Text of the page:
Doshi Capital goes with the systematic flow

The firm founded by Heeten Doshi has an underlying philosophy that says “the tide is more important than the boat” in the achievement of absolute returns.

When the whole market loses value, even underpriced equities go down with it. When the whole market gains, even over-priced equities gain.

The Doshi Capital Management philosophy accounts for the need for a market-timing oriented fund as part of a broad portfolio for high-net-worth individuals. And since opening to outside investors at the beginning of 2020, Doshi’s systematic market timing fund has gained an impressive 180%.

Doshi founded Doshi Capital in 2011, upon departing from his vice president position at Brown Brothers Harriman.

“I wasn’t really dissatisfied being at Brown Brothers. The department was going through a rebuild in hiring new analysts, people switching roles and I simply thought it was time to move on,” Doshi said. Before Brown Brothers, he had worked at Lehman Brothers and Morgan Stanley.

Mike Lamont is the head of Doshi’s software development and has over 30 years of experience in the field.  He is working to automate the market timing strategy from data input to trade execution, with internal software code named “Cerebro.” Lamont had several software-development roles at Bonneville Market Information.

Doshi said that the firm “has seen a considerable amount of interest from family offices who are looking for niche emerging managers that can generate alpha.” 

Doshi recently spoke to Alternatives Watch where the market trends stand at present. He believes that the U.S. economy is at a turning point, and that where it goes from here depends in large part on its central bank. The conversation took place prior to a meeting of the U.S. Federal Reserve, and what would happen at that meeting was, naturally, on the mind of a systematic market timer. 

Concern about over-correction

Doshi expressed concern that the Fed was about to over-correct in the face of recent price inflation. He said, “Inflation is troublesome, but it is not demand-driven. We’re seeing inflation because of supply bottlenecks, which is not best addressed by taking a hard line on monetary policy.”

He added that typically, inflation “is caused by an increase in money supply and demand” and in such a case “the right course of action is for the Fed to raise interest rates to cool demand and lower inflation.” But at this time, that is not the case.

The Fed announced after its meeting that it is leaving its federal funds rate unchanged but that rate increases would be coming soon. It also released a statement on its principles for reducing the size of its balance sheet. That is a ‘hawkish’ note to strike in itself, suggesting bond sales are on the way.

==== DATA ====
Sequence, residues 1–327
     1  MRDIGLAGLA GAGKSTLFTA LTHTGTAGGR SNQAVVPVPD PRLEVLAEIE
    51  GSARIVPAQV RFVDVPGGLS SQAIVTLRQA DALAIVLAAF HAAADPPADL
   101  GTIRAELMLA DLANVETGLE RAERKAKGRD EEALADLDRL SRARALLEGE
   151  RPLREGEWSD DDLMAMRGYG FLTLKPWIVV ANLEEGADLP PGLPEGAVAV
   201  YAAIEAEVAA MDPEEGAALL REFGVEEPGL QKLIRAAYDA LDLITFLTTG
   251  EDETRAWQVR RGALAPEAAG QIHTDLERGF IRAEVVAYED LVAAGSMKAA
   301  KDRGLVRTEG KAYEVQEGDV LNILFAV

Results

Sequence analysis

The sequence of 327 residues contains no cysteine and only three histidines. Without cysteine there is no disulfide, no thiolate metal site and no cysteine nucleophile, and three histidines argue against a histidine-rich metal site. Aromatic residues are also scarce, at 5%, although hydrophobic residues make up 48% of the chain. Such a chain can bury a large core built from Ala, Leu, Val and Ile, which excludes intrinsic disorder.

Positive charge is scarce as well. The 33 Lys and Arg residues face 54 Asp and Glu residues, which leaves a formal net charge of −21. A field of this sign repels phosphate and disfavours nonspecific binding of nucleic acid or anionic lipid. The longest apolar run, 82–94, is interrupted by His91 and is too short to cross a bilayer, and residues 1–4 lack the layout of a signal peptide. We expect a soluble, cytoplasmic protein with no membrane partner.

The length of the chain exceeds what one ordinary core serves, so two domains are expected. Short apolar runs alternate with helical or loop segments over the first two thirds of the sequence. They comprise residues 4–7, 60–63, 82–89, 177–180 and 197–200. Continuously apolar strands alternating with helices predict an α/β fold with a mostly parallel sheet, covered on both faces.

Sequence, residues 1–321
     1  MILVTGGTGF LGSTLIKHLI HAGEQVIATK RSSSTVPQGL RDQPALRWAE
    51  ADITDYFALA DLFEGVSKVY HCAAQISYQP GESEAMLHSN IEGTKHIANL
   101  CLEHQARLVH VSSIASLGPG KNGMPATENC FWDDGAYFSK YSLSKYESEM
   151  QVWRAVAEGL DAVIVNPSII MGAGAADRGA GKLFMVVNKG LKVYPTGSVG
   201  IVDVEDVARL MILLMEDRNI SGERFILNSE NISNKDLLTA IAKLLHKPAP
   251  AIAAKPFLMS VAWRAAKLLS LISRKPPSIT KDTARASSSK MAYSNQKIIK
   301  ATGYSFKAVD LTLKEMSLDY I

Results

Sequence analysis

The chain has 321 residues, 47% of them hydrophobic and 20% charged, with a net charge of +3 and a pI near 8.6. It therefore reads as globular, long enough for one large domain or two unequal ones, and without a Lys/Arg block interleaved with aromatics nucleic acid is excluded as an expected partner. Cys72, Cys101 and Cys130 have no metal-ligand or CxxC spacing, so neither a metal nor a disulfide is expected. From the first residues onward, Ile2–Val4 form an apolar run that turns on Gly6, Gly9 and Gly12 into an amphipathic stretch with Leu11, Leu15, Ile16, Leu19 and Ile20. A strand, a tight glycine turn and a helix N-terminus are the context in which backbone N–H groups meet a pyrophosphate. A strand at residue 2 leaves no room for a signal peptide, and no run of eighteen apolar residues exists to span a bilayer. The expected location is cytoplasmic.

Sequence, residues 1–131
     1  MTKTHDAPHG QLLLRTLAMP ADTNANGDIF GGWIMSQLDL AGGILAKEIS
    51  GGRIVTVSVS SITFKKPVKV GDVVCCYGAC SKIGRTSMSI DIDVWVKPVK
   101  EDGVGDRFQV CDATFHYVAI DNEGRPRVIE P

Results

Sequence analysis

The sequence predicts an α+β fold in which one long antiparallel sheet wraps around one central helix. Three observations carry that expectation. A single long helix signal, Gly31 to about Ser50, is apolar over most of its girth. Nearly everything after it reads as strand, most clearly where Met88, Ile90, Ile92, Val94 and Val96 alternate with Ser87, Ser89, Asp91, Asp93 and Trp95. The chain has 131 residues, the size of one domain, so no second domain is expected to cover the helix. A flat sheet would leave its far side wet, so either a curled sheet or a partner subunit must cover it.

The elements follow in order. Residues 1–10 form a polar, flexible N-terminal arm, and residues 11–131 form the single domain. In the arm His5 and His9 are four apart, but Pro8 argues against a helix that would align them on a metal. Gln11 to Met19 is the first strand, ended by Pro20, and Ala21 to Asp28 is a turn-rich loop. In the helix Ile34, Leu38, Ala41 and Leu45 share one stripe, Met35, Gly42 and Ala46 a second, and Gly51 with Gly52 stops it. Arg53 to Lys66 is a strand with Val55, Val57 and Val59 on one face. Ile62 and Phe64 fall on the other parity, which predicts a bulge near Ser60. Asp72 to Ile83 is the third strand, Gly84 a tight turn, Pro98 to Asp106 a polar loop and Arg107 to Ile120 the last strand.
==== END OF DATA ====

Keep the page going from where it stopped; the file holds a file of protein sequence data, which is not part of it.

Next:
At a subsequent press conference, Fed Chairman Jerome Powell said, “I think there’s quite a bit of room to raise interest rates without threatening the labor market.”   

Doshi found this concerning. “The Fed,” he said, “gave no clarity and instead vague answers” that has “left the door open for further speculation about the path [it] will take.”

Further, there are predictions in some quarters that the Fed will raise rates seven times, and will start that process with a 50 basis points move as soon as March. That, Doshi said, “could be a shock to the economic system.”

The Fed typically raises rates in 25 basis point increments. But the Atlanta Fed President, Raphael Bostic, told The Financial Times that a larger move than that is possible in March if consumer price increases remain stubborn.

Active management rises to the challenge

Doshi also spoke to the timeless issue of active versus passive management. Passive investment, he said, “has a role as part of an equity portfolio. But it is best to diversify. The notion of only using funds tied to index instead of portioning to actively managed funds is fallacious.”

People and institutions that rely too much on passive investment will take the full hit when there is a downturn as there was for example when the pandemic closed the economy in the late winter of 2020 and there was a 34% drawdown in just two months. Against that, for reasons of diversification and risk adjusted return, investors should look to investing some of their portfolio in alternatives. 

“One should look at funds much the same way one looks at stocks,” he suggested. “Some funds are better managed than others, and there is alpha to be made in picking the right ones.”

Doshi illustrated this with a chart drawn from Morningstar data that indicates how much better investors do when they invest in the top decile of hedge funds in the United States rather than the bottom decile, or the S&P for that matter. But this point raises an obvious question: does the fact that a fund is in the highest decile this year predict that it will be so next year? Or is there what statisticians might call a reversion to the mean?

In Doshi’s view, good performance is predictive of further good performance. A fund in the top decile, he said, “may not be in the top decile every year, but they will outperform over the long term.”

Christopher Faille

Christopher Faille has written on a variety of legal, regulatory, and financial issues for decades. He is the author of "The Decline and Fall of the Supreme Court" (1995), for example, and the coauthor, with David O'Connor, of "Basic Economic Principles" (2000). He was an early reporter with Lipper HedgeWorld and has contributed to Forbes and to the Hedge Fund Law Report.

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